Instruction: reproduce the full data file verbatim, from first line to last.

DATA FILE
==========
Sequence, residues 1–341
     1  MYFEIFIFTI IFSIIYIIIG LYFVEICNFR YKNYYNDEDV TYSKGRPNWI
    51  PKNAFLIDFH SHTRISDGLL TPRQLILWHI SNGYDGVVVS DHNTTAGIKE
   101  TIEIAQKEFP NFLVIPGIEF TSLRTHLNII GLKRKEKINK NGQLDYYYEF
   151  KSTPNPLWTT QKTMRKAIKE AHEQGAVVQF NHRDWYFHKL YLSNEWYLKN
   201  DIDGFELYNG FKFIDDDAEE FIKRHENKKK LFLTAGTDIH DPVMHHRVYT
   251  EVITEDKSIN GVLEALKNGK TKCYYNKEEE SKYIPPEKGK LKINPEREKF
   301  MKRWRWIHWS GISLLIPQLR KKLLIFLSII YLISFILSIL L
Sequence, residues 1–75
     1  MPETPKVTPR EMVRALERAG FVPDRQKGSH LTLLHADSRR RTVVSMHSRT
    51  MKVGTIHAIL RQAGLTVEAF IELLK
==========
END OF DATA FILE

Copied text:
Sequence, residues 1–341
     1  MYFEIFIFTI IFSIIYIIIG LYFVEICNFR YKNYYNDEDV TYSKGRPNWI
    51  PKNAFLIDFH SHTRISDGLL TPRQLILWHI SNGYDGVVVS DHNTTAGIKE
   101  TIEIAQKEFP NFLVIPGIEF TSLRTHLNII GLKRKEKINK NGQLDYYYEF
   151  KSTPNPLWTT QKTMRKAIKE AHEQGAVVQF NHRDWYFHKL YLSNEWYLKN
   201  DIDGFELYNG FKFIDDDAEE FIKRHENKKK LFLTAGTDIH DPVMHHRVYT
   251  EVITEDKSIN GVLEALKNGK TKCYYNKEEE SKYIPPEKGK LKINPEREKF
   301  MKRWRWIHWS GISLLIPQLR KKLLIFLSII YLISFILSIL L
Sequence, residues 1–75
     1  MPETPKVTPR EMVRALERAG FVPDRQKGSH LTLLHADSRR RTVVSMHSRT
    51  MKVGTIHAIL RQAGLTVEAF IELLK